in·​car·​cer·​ate | \ in-ˈkär-sə-ˌrāt How to pronounce incarcerate (audio) \
incarcerated; incarcerating

Definition of incarcerate

transitive verb

1 : to put in prison
2 : to subject to confinement

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Synonyms & Antonyms for incarcerate


commit, confine, immure, imprison, intern, jail, jug, lock (up)


discharge, free, liberate, release

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Did You Know?

A criminal sentenced to incarceration may wish his or her debt to society could be canceled, but such a wistful felon might be surprised to learn that incarcerate and cancel are related. Incarcerate comes from incarcerare, a Latin verb meaning "to imprison." That Latin root comes from carcer, Latin for prison. Etymologists think that cancel probably got its start when the spelling of carcer was modified to cancer, which means "lattice" in Latin-an early meaning of cancel in English was "to mark (a passage) for deletion with lines crossed like a lattice." Aside from its literal meaning, incarcerate can also have a figurative application meaning "to subject to confinement," as in "people who are incarcerated in their obsessions."

Examples of incarcerate in a Sentence

the state incarcerated over 1900 people last year

Recent Examples on the Web

Even more disturbing, an alarmingly high proportion of disconnected black males ages 16 to 24 — nearly a fifth — are incarcerated, compared with just 0.3 percent of that age cohort overall. Robert Cherry, National Review, "The Case for More Occupational Training," 25 July 2019 Wheeler’s father, Eric Wheeler, was incarcerated for much of her childhood. Tyler Kraft, Indianapolis Star, "How devastating loss and impossible odds motivated Erica Wheeler's WNBA rise," 25 July 2019 The Morris County man was incarcerated on a burglary charge, and had been in custody at the 600-person rural prison for just under a month as a condition of his probation, according to Texas Department of Criminal Justice officials. Keri Blakinger, Houston Chronicle, "Prison officials hunt for escapee who fled East Texas lock-up," 22 July 2019 In 1893, one in every 5,000 white Virginians was incarcerated; the figure for black Virginians was 7.5 out of every 5,000. Drew Gilpin Faust, The Atlantic, "Race, History, and Memories of a Virginia Girlhood," 18 July 2019 Families of inmates share stories The FAMM Foundation on Twitter held a discussion on issues impacting families whose loved ones are incarcerated. Lauren Castle, azcentral, "#VisitAPrison encourages Arizona lawmakers to learn about incarceration," 9 July 2019 Some of those who tested negative for disease were incarcerated anyway, because their alleged promiscuity was deemed a threat to soldiers’ moral hygiene. Kim Kelly, The New Republic, "A Forgotten War on Women," 22 May 2018 The study also found a defendant was more likely to be incarcerated after their 30th day in jail., "Study finds jail before trial doubles incarceration chances in Oregon," 22 July 2019 Black people are more than five times more likely to be incarcerated than are white people, making up 32 percent of America’s population but accounting for a disproportionate 56 percent of the prison population. Taina Mcfield, Essence, "My True Independence Day Hasn't Arrived Yet," 4 July 2019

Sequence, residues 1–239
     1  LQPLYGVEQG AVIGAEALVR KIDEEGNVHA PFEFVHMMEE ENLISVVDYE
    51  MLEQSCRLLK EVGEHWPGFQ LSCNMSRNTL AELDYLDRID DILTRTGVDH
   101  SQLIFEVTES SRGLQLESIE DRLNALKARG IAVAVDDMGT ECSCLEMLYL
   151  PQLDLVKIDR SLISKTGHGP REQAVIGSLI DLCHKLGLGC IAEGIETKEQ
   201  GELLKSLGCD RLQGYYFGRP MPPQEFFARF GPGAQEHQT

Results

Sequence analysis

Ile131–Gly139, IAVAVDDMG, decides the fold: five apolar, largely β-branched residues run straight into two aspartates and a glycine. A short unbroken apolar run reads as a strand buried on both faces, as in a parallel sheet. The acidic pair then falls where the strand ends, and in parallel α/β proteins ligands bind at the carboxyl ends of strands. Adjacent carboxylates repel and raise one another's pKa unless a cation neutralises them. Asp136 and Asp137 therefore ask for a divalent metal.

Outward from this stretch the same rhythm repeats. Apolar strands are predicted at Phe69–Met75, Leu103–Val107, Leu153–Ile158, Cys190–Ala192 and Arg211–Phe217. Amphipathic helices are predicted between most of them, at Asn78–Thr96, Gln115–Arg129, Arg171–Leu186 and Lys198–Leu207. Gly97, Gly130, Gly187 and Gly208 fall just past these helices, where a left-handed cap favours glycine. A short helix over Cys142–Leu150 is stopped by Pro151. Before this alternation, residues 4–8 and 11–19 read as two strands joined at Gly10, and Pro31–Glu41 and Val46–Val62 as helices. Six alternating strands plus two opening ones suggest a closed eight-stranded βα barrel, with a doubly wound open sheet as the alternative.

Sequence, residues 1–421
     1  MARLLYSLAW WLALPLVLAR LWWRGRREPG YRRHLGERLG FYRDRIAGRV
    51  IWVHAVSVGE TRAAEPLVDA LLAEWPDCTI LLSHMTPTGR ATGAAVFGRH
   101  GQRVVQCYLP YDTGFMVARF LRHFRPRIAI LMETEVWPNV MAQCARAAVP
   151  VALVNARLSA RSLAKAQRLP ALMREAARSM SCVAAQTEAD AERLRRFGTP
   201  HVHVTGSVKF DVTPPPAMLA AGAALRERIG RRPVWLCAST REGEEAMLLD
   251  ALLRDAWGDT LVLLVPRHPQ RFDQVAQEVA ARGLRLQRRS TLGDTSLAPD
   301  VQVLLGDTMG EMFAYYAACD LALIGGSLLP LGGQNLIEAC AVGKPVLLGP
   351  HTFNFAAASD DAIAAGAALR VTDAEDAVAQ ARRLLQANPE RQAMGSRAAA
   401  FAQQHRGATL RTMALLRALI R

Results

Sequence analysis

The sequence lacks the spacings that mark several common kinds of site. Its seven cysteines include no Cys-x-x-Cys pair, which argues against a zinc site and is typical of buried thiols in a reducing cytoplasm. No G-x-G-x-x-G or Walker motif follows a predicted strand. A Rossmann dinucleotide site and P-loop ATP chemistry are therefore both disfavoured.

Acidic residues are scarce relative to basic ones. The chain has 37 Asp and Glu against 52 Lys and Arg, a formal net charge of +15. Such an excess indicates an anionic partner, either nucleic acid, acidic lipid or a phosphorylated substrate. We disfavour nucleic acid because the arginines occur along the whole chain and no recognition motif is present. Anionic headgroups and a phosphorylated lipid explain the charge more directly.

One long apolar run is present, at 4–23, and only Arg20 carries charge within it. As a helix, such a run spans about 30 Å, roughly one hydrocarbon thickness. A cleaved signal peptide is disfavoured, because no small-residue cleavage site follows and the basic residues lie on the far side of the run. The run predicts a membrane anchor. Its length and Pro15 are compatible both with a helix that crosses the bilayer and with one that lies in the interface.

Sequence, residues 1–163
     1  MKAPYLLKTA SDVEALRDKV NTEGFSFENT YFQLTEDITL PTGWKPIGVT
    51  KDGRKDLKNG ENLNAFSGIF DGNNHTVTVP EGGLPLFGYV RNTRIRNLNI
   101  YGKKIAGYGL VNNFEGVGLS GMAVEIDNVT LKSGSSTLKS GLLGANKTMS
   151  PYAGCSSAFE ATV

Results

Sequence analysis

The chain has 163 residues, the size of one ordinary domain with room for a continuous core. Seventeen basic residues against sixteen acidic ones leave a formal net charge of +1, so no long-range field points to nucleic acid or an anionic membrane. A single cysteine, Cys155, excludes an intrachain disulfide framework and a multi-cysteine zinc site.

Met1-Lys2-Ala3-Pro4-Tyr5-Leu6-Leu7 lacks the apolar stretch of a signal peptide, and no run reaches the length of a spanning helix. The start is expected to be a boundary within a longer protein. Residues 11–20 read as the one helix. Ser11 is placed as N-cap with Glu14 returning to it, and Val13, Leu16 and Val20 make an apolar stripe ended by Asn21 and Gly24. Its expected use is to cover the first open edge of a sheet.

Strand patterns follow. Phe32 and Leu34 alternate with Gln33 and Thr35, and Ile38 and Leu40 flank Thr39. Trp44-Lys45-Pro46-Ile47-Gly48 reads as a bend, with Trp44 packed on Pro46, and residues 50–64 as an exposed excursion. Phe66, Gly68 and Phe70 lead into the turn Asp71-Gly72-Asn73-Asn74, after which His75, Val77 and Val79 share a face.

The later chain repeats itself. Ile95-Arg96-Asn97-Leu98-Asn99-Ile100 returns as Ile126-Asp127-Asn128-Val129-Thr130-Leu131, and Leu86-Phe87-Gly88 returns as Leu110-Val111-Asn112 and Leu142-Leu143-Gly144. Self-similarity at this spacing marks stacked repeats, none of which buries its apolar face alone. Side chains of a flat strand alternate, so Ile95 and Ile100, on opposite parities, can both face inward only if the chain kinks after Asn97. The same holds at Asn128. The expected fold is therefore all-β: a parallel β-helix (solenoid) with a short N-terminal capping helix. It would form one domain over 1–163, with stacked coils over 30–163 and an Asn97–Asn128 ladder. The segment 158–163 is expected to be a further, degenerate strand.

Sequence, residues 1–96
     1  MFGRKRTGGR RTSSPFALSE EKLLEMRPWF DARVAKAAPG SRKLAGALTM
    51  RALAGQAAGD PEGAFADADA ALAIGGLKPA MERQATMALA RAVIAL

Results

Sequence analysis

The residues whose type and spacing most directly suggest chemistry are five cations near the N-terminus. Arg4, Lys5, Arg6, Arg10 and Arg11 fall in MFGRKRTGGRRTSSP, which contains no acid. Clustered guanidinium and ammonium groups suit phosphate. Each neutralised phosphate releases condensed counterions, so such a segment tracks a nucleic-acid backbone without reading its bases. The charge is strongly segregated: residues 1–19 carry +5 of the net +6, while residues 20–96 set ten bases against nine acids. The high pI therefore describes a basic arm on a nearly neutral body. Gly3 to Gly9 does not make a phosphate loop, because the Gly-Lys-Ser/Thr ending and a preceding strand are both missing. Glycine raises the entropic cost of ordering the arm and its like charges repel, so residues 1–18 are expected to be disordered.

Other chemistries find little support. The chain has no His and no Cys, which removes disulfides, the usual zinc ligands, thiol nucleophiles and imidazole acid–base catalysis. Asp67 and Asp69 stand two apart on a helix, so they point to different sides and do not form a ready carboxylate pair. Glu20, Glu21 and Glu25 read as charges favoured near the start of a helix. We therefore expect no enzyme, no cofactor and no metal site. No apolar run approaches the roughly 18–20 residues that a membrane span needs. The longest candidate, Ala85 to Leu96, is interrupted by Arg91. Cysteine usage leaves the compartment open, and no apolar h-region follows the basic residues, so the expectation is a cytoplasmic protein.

These example sentences are selected automatically from various online news sources to reflect current usage of the word 'incarcerate.' Views expressed in the examples do not represent the opinion of Merriam-Webster or its editors. Send us feedback.

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First Known Use of incarcerate

1575, in the meaning defined at sense 1

History and Etymology for incarcerate

Latin incarceratus, past participle of incarcerare, from in- + carcer prison

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Statistics for incarcerate

Last Updated

9 Aug 2019

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Time Traveler for incarcerate

The first known use of incarcerate was in 1575

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English Language Learners Definition of incarcerate

formal : to put (someone) in prison


transitive verb
in·​car·​cer·​ate | \ in-ˈkär-sə-ˌrāt How to pronounce incarcerate (audio) \
incarcerated; incarcerating

Legal Definition of incarcerate

Other Words from incarcerate

incarceration \ in-​ˌkär-​sə-​ˈrā-​shən How to pronounce incarceration (audio) \ noun

History and Etymology for incarcerate

Latin incarceratus, past participle of incarcerare, from in- in + carcer prison

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of or relating to the heavens

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